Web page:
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Thursday, December 08, 2005

"Buy Me a Drink When I'm Alive"

Years ago, when what's now the Continental Airlines Arena, was built next to The Meadowlands, a controversy ensued. No, it wasn't about where Jimmy Hoffa's body was supposed to rest. It was about the naming of the arena.

They named the arena after Brendan Byrne, the Governor of New Jersey. There was squawks from many camps, from those who didn't want it named after a current politician to those who didn't want it named after someone who, well, wasn't deceased. Ultimately, the name stuck -- at least for a while. Former Marquette coach turned TV commentator, the late Al McGuire, uttered the most memorable line. McGuire, for one, had no problem with the arena's being named after Byrne. "It's like my father used to say," McGuire was quoted as having said, "'don't send flowers to my funeral, buy me a drink when I'm alive.'"

(That very sentiment, by the way, prompted my annual golfing pilgrimage with some college friends. Most of us had trouble keeping in touch. We don't live near each other, we have families, and, well, we're very busy. After having had some friends die in their forties (and realizing that if I didn't do something about it, I would be having more reunions at funerals than in fun places), I decided several years ago to call the question about the annual trip -- and the responses were such that you would have thought I invented cable television, the iPod or the driver that corrects errant shots. It's become an annual tradition. But I digress. . .)

Vince Carter, former Carolina all-American and now running mate of Jason Kidd and Richard Jefferson in New Jersey -- now at the Continental Airlines Arena, nee Brendan Byrne Arena, ironically, made a big contribution to his former high school -- $2.5 million, to be exact -- to help it to build a new gym. That's a very nice gesture. Except, as with many kind acts, there are complications.

In this case, a sculpture.

Of Vince Carter.

Apparently, three years ago the superintendent of schools and a few board members agreed to accept the sculpture when the offer of the donation was made. Mr. Carter's mother is donating the artwork. That doesn't sit well with some in the community. Click on the second link and read the whole thing. In essence, a board member doesn't think that the sculpture sends the right message to kids about the types of people who should be honored. She didn't knock Carter, but she did indicate that there are others who are worthy of praise but who don't get it -- because they don't make a lot of money. (It could be argued that they don't get that type of attention because they didn't donate that type of money, but that's for another post somewhere else).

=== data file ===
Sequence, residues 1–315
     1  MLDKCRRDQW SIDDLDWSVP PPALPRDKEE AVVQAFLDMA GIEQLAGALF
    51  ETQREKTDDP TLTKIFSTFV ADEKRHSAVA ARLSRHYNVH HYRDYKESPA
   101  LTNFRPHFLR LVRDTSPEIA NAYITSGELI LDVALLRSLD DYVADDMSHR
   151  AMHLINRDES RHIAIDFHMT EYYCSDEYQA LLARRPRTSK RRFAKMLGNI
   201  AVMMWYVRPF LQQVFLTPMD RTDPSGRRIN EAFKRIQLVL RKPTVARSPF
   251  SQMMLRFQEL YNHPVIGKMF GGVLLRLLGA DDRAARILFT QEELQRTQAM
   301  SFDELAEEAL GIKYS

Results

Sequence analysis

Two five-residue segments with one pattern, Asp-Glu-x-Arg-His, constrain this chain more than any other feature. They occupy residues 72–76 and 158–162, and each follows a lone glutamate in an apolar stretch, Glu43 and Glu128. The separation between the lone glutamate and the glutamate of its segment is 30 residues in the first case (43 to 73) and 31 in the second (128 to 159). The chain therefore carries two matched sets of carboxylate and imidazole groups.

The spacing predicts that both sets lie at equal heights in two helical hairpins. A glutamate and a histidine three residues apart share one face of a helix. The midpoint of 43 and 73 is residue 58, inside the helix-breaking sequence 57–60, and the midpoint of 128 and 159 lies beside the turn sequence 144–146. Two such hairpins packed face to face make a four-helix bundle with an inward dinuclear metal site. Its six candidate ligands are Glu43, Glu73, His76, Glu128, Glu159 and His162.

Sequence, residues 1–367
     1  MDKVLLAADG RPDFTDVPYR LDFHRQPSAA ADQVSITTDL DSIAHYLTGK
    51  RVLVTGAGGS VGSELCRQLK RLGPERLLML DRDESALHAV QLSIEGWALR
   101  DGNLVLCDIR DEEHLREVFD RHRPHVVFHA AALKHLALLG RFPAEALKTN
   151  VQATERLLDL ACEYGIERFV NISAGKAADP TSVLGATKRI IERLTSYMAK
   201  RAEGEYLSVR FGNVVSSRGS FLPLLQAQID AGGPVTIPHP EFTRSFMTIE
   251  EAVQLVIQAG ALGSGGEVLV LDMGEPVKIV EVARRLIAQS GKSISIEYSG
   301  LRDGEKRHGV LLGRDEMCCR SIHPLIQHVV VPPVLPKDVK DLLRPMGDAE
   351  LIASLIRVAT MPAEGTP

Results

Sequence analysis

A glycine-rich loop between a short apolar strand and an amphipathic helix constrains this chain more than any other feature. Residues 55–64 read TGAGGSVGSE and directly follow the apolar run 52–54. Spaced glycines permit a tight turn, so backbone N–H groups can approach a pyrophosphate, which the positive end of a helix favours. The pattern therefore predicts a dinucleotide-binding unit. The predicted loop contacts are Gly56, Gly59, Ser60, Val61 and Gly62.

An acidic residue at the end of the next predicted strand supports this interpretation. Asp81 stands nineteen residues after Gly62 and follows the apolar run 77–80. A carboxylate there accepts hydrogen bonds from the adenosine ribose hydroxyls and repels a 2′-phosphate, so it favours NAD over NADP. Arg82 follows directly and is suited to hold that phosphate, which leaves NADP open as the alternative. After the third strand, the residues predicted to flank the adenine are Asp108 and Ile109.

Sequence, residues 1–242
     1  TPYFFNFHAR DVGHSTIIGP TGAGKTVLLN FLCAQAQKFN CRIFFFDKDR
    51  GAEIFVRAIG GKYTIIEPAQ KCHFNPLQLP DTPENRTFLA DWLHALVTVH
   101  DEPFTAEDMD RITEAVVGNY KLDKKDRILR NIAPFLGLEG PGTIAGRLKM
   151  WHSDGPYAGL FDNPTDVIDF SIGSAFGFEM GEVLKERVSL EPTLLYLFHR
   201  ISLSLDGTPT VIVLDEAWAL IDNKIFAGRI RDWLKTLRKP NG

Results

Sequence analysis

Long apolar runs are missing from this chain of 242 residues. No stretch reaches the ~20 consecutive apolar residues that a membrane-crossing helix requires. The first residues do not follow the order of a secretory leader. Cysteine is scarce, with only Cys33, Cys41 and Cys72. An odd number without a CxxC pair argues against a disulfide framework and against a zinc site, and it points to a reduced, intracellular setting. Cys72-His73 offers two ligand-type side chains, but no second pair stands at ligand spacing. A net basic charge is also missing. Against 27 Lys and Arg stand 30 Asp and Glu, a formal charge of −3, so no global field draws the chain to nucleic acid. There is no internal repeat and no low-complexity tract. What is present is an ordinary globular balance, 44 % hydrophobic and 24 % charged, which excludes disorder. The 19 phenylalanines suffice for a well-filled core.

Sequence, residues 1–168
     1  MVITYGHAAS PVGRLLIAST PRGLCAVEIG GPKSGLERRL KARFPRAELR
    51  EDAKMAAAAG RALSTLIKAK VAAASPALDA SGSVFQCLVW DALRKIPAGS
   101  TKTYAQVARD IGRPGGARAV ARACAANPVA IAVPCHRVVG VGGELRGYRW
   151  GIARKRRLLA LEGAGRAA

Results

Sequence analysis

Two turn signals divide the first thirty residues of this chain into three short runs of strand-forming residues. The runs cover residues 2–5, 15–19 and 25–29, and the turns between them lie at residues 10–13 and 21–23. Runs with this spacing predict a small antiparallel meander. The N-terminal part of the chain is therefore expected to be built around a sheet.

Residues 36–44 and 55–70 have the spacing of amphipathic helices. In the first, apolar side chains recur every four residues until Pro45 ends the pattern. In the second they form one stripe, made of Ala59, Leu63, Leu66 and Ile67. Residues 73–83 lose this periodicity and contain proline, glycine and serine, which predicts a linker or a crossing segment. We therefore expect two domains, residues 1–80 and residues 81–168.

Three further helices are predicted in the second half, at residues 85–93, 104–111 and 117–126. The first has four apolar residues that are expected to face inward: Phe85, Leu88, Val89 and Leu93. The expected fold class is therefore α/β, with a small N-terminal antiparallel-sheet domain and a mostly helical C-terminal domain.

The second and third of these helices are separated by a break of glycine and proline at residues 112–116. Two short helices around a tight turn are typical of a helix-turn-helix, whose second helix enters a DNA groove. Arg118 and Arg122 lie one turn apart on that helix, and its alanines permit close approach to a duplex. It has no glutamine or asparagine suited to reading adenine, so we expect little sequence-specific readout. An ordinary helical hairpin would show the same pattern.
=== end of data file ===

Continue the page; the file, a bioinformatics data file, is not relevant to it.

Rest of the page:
Is this a battle worth fighting? Or not?

I couldn't imagine wanting a statue of myself anywhere, even if I donated money for the entire gym. Then again, I don't have the basketball skills of Carter, and sometimes those who achieve at a level Carter does have to have such a high opinion of themselves to achieve those heights in the first place. Further, that high opinion obviously doesn't stop on the basketball court, it permeates into other areas of the star's life. That, perhaps, is what gives them "star quality" and gives the rest of America something to talk about it, whether they like the pretension or not. (For what it's worth, after he left Carolina early, Carter went back and earned his degree).

It's a fact in this world that some people get honored precisely because they donate money. Meg Whitman, CEO of eBay, just donated somewhere in the neighborhood of $30 million to her alma mater, Princeton, to have a residential college named in her honor. Yes, it will be called Whitman College. It won't be named after one of her roommates, a library staff member who might have helped her order some publications she needed for her senior thesis or a junior faculty member who inspired her. It's named after her. I don't know whether there will be a statue of Ms. Whitman, but my guess is that there will be a plaque. Put differently, universities do this thing all the time.

Even if they stop short of erecting statues.

Perhaps the difference is what will happen to the pigeon refuse. In the case of Meg Whitman, the pigeons no doubt will find the nooks and crannies of the beautiful buildings Princeton constructs as a part of Whitman College and do, as they have done to gargoyles on other buildings, adorn it with some white coloring that, if you didn't know better, you would think happened because some painters got a little too sloppy and spilled some paint on the edifice. In the case of Mr. Carter, his cranium will be adorned with a similar white coating, which will look either like someone spilled paint on it as a prank or decided to try to place a colonial-type whig on his bald dome. If Vince can take that type of abuse, I suppose I can live with it.

It's nice, what Vince Carter did, the same way it's nice what Meg Whitman did. And it's not wrong that they have their names attached to the structures they've helped build in some serious way. We all should remember that.

As for the statue, well, to each his (or her) own.

Just watch out for the pigeons.

Depending on where you sit (or where your likeness is erected), they could be a small price to pay for fame.

Or not.


Blogger NY Warrior said...

Coach Al had a memorable point of view on his own statue, btw.....late in life he agreed to let the university use his name for the new on-campus athletic facility, and he asked that the statue of him be located inside --- see, Coach Al didnt appreciate the thought bird excrement on the statue.

A lovely statue of Coach graces the foyer at the new Al McGuire Center.

2:28 PM  

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